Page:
Bankers: is envy excellent?
In the 1980s, when working in the finance sector was considered next to godliness, Oliver Stone made a film called Wall Street in which the anti-hero, Gordon Gekko made “greed is good” a catchphrase for the era of masters of the universe. It was meant ironically of course, but many people in the finance sector seem to have had an irony bypass, as well as a moral-compass bypass and, as we have found out in the last year, a being-any-good-at-your-job bypass. The rest of us, of course, know that greed is a sin. And we also know that envy of those bonus-boosted bankers is also a sin (Former Cionservative MP Angela Knight wins today’s “They just don’t get it” award for arguing that).
But I’ve decided it isn’t. I’ve read some of what big bank bosses said to the House of Commons Select Committee and like most people I know I was appalled at their lack of contrition. We’ve all been pussy-footing around about this and we ought to stop.
We should indeed be very, very envious, and very, very angry – not so much about the bonuses as about the impunity with which top bankers have survived the crash they caused. It is quite different to the punishment that is being meted out to ordinary people in the US, the UK, and especially in the developing countries. March with us on 28 March if you agree.
The Weekly Standard’s editor Christopher Caldwell, writing in the Financial Times, is predictably kinder to the banker bosses. He says that what they demonstrated was that they were not personally guilty (yes, like in Agatha Christie’s Murder on the Orient Express, we’re all guilty of stabbing the global boom in the back). But he accepts that part of the problem with this analysis is that the banker bosses were paid bonuses that suggested they should have been able to foresee the crisis and take steps to avoid it happening. He concludes:
“If one thing emerges from the chequered history of American financial populism, it is that most financial collapses have had populist causes, not just populist reactions. The people now tormenting the bankers are as capable of ordinary stupidity as the bankers proved to be. As long as that is kept in mind, show trials like the ones last week can do some good. The public does not need reassurance that the bankers are worse than the rest of the populace. It does need to establish that they are no better.”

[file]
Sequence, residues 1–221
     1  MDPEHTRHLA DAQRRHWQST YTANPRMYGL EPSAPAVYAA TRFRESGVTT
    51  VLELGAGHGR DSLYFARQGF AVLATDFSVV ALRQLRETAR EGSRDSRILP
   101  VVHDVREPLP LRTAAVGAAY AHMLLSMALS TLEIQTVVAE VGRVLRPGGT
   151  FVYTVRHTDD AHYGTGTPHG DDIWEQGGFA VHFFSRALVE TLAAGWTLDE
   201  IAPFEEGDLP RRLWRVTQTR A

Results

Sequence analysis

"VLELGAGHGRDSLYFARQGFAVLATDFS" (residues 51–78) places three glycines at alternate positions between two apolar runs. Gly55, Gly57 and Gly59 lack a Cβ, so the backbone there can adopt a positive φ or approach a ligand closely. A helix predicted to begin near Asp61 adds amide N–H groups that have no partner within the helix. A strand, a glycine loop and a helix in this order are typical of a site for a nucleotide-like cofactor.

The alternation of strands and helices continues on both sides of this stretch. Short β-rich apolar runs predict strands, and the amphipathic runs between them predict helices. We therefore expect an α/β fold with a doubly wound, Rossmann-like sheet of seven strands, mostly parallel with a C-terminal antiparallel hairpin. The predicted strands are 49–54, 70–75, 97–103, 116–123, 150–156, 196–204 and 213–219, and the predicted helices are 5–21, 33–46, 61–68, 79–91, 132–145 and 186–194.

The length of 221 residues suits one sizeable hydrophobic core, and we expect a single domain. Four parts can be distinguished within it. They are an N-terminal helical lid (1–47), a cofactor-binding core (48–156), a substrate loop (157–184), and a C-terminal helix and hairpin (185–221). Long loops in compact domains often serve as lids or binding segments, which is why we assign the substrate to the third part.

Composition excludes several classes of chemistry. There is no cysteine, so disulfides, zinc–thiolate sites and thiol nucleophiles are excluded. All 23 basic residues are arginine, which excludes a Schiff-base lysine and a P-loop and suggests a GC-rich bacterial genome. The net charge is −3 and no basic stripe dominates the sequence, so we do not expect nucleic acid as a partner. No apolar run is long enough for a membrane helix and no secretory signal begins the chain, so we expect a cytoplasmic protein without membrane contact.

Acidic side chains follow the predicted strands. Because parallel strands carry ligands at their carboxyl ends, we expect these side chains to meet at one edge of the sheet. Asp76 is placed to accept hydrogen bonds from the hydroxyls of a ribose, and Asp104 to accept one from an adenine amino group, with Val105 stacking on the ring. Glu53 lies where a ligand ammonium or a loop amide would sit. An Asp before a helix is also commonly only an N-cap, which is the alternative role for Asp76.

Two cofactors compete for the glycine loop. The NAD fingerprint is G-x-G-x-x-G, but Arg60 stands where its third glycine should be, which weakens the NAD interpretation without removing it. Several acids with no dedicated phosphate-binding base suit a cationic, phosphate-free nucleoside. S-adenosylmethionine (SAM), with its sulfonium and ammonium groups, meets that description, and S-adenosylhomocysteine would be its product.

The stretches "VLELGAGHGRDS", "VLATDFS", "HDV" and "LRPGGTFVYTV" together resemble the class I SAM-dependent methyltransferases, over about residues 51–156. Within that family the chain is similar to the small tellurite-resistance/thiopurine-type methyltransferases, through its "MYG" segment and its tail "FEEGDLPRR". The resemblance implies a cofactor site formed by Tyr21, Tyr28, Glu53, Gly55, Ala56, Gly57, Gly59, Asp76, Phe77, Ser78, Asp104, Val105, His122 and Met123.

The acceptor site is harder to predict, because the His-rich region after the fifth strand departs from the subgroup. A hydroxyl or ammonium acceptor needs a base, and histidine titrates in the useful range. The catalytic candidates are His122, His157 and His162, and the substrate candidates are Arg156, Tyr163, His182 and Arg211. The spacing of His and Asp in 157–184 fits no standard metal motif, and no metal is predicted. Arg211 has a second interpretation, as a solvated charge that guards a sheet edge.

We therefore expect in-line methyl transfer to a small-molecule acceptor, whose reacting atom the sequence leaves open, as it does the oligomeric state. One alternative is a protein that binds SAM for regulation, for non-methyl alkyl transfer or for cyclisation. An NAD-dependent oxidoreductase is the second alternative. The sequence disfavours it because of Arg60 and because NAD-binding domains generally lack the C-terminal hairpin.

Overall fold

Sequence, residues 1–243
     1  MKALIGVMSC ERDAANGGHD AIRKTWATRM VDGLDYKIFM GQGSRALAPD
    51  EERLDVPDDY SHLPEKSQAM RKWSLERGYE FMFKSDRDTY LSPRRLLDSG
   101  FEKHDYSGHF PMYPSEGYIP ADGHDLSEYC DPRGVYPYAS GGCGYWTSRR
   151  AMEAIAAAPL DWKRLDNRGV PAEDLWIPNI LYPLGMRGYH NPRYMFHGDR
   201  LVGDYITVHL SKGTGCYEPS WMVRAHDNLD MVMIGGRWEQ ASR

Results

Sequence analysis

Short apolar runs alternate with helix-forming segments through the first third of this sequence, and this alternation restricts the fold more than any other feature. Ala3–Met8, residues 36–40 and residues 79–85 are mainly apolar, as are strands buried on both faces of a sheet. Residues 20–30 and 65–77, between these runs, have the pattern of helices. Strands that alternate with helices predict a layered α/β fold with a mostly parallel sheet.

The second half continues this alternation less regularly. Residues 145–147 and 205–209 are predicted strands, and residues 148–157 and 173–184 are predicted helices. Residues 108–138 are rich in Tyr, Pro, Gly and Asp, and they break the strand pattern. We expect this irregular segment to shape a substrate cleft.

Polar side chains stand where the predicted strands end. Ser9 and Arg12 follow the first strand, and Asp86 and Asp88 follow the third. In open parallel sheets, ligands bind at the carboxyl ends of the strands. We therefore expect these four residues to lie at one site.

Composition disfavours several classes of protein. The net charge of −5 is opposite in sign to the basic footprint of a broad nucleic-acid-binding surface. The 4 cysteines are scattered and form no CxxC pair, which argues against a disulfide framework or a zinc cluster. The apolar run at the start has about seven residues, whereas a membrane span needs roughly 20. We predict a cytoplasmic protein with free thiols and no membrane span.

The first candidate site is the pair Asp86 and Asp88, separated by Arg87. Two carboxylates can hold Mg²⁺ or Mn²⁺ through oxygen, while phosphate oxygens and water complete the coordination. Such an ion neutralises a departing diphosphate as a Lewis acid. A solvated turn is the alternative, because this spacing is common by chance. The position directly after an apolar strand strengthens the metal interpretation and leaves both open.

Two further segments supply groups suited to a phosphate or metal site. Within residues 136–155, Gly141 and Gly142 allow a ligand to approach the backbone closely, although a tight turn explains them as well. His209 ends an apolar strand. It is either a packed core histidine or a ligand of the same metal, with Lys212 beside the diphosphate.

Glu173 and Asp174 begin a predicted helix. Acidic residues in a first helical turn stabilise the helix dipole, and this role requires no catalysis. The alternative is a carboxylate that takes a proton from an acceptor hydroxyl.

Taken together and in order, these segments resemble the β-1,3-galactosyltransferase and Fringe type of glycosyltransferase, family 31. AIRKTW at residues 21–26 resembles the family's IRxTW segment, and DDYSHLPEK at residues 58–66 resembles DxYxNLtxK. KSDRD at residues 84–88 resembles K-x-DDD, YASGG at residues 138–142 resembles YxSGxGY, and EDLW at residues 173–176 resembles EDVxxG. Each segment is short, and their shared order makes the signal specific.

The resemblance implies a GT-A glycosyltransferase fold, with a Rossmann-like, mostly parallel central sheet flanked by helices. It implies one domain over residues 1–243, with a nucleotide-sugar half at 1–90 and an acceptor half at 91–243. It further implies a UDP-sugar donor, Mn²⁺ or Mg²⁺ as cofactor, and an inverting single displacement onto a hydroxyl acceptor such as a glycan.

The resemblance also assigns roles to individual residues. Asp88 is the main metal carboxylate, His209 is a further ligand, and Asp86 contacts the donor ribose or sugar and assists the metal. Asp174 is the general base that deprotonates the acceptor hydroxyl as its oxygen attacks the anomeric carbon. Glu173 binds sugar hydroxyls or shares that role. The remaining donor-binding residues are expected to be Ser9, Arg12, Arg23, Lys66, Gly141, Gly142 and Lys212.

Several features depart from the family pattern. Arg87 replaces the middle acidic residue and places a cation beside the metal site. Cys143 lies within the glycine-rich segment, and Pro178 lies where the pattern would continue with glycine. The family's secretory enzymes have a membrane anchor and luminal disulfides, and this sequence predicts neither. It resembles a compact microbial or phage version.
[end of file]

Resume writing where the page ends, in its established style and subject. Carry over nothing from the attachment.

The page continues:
I think it is probably right that we should not be envious of the banker’s huge bonuses. I don’t want to live a life consumed with envy about people being richer than me. But on the other hand, I don’t think there’s anything wrong with arguing that such bonuses can damage the economy (especially if they reward short-term foolishness over long-term rationality), or arguing that such bonuses should be heavily taxed (it’s often forgotten that Lord Mandelson’s 1997 General Election statement that he was “supremely relaxed about people getting filty rich” was qualified by the phrase “as long as they pay their taxes”). Martin Wolf explains why big bonuses are bad news with characteristic wit, and Emma Jacobs has explored their malign gender dimension.
And I’m certainly not envious of some bankers – like the union members who are losing their jobs as the banks that employ them crunch, crash and collapse.
But I do think we should envy something that is not completely unrelated to the bankers’ big bonus culture – the impunity with which they have survived the crash they caused (the connection is that they decide how much of our money they get paid, and they decide whether they get sacked or not). It is quite different to the punishment that is being meted out to ordinary people in the US, the UK, and especially in the developing countries.
How many of the top bankers who did things that contributed materially to the global recession we now face are losing their jobs, their homes, their social standing and their livelihoods. Some have lost jobs although they seem curiously capable of picking up new ones (often, it seems, regulating the system they crashed!) Some have lost stock options, although many more are still gathering in bonuses for lamentable failures (sorry, for losing not quite as much money as the market average!) Their gongs aren’t being taken away, or their second and third homes (let alone the first ones). They aren’t being expelled from their swanky provate clubs, and their metaphorical epaullettes aren’t being torn from their designer suits. Their spouses aren’t ditching them for younger, smarter and now richer insolvency experts. They really aren’t feeling the pain, and they just don’t get it!
I want people to envy the big bankers’ impunity, I want them to be righteously angry about it, because I want to see the impunity that comes with wealth and power to be taken away. Because that impunity is far more damaging to society than big bonuses are to the economy.
Greed ain’t good. But envy, channelled for the right purpose, can be excellent.
One good way to channel that envy is to join the the Put People First March for Jobs, Justice, Climate on Saturday 28 March ahead of the G20 summit of world leaders.